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Fabric Shopping in Hoi An, Vietnam

The final stop in my attempt to fabric-shop my way across SE Asia – Hoi An, Vietnam. Hoi An is known as the tailoring capitol of Vietnam (more on that coming soon!) so one would think that I should have been able to go on one last fabric binge, right? The obvious place to look would be the building in town called the “cloth market”, right? The cloth market is a market in a building on the east side of the main part of Hoi An. It’s full of stalls of fabric, as one might expect from the name. Unfortunately, each stall had pretty much the same selection as the others around it and the touts were very, very aggressive. The fabric is really being sold as part of getting something custom tailored, and it usually took me a bit to get a price for a meter of fabric as …

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Flower Hmong Blouse Decoration Close Up

I think all of us sewing bloggers can agree that we’re voyeurs at heart, that pretty pictures of finished garments are great, but what we really want to see is the insides so we can mentally sew the garment for ourselves. Right? I know that’s not just me because after I posted about Flower Hmong Fashion, I got questions about how the decoration on the blouses is constructed. So, for my fellow voyeurs, I’ve got a close-up look at 3 different Flower Hmong pieces to share. First is the yoke cut off of a worn blouse. This is the oldest and most handmade piece I have. You can see on the inside how much stitching goes into this decoration! Also notice a few different fabrics that have bits and pieces remaining – as I mentioned before, the blouses are often put together with several different fabrics in what we might …

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Current Flower Hmong Fashion in North Vietnam

The Flower Hmong are one of the most colorfully dressed ethnic minorities in Vietnam, making me ever so infatuated with their sartorial sensibilities. The Hmong are one of 54 ethnic minorities in Vietnam, making up 1% of the population, and further subdivide themselves into groups whose names often describe the traditional clothing of the group – such as Black Hmong, Blue Hmong, and Flower Hmong. One of the interesting and universal things about fashion is that it is alive and dynamic. Many Flower Hmong women continue to wear their traditional clothing, but the dynamic nature of fashion is clearly visible at the Bắc Hà weekly market in North Vietnam. Many Flower Hmong women carry embroidered purses. While embroidery is an important form of textile ornamentation for the Hmong, these purses break from tradition in that they are machine made in China. As tourism becomes a more important industry in formerly rural areas …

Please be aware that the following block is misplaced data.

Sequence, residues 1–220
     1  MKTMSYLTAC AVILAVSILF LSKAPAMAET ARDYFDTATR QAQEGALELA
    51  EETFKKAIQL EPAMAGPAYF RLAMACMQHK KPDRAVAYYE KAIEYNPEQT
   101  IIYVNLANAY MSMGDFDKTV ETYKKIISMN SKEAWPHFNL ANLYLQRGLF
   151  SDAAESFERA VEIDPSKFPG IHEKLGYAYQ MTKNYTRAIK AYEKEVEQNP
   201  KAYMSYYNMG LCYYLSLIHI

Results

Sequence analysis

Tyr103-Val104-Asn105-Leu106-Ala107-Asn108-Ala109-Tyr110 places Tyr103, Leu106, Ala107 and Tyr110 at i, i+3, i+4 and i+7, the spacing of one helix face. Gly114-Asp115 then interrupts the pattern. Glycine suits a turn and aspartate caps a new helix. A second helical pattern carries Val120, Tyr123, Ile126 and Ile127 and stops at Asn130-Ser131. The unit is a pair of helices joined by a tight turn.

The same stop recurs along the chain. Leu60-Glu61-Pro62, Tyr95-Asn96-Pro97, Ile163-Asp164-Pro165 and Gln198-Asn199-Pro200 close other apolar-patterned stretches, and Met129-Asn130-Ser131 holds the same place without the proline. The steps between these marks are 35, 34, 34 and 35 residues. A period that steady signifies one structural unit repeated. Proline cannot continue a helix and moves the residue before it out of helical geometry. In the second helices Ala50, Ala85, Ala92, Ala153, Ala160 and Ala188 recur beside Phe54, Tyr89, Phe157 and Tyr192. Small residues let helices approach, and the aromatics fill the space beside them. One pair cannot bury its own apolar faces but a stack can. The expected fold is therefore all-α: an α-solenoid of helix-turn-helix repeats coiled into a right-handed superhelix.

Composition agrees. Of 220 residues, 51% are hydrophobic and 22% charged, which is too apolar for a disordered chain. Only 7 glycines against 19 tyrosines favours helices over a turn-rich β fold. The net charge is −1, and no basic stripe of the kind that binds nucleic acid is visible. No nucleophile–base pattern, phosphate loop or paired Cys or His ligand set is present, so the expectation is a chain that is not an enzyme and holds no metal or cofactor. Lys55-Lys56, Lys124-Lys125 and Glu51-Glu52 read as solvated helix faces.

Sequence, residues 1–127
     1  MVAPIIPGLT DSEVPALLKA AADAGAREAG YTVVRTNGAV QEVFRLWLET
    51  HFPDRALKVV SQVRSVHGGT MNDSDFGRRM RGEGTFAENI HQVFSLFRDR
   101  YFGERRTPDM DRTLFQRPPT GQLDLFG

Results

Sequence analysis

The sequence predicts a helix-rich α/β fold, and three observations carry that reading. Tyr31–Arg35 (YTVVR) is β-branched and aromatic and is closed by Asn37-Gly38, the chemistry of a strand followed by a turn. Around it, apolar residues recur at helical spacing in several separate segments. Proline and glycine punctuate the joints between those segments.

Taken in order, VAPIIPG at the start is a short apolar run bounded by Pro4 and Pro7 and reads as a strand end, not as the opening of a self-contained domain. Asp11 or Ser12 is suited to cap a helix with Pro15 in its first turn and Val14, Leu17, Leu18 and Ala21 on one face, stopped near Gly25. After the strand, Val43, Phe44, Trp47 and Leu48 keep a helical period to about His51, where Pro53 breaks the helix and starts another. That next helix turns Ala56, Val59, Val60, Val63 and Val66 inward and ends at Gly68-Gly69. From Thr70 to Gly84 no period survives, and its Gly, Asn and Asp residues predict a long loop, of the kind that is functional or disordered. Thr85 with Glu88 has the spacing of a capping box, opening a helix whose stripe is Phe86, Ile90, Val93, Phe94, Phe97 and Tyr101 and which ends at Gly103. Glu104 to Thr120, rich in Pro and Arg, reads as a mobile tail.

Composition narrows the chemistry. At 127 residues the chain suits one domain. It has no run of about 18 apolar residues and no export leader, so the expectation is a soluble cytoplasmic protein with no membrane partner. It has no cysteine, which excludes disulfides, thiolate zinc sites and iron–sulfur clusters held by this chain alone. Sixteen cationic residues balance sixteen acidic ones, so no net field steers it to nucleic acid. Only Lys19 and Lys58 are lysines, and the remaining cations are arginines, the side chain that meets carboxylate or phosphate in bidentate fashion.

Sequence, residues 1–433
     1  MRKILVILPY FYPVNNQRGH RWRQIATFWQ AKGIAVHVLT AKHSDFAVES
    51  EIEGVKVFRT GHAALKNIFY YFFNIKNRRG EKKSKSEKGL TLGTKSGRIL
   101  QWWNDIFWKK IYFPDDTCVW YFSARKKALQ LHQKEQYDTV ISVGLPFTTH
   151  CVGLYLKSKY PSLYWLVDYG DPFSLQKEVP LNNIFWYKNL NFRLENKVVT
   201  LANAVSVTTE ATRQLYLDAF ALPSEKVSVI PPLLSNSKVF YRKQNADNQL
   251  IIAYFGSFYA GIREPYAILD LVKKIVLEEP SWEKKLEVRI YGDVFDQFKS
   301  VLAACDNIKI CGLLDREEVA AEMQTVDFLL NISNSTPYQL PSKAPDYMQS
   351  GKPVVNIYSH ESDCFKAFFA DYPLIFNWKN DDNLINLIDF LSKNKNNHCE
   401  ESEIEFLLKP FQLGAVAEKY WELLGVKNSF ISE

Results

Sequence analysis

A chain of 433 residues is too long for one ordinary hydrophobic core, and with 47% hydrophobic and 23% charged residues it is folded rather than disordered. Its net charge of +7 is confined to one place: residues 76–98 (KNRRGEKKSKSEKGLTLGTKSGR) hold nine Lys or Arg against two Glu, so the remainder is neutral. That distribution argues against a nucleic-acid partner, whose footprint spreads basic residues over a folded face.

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Vietnamese Dress

Vietnam has 54 ethnic groups and a correspondingly rich assortment of traditional dress. I wanted to share a small selection of different traditional women’s dress from across Vietnam for I have found the amazing assortment of color, shape, and construction to be a true inspiration. I hope you find them inspiring as well! Cotton is historically the most popular fabric with silk being used on applique and for festive costumes although synthetic fibers and chemical dyes are becoming prevalent, even in traditional dress. There are a wide variety of techniques used across the ethnic groups that include embroidery, appliqué, batik, ikat, and woven patterns. The Yao (also known as Dao or Zao or Mien) are originally from southern and southwestern China. This Yao Do outfit is from Cao Bang and made in 1957. It’s hand-woven cotton dyed with indigo and decorated with embroidery and appliqué. It includes two turbans, a …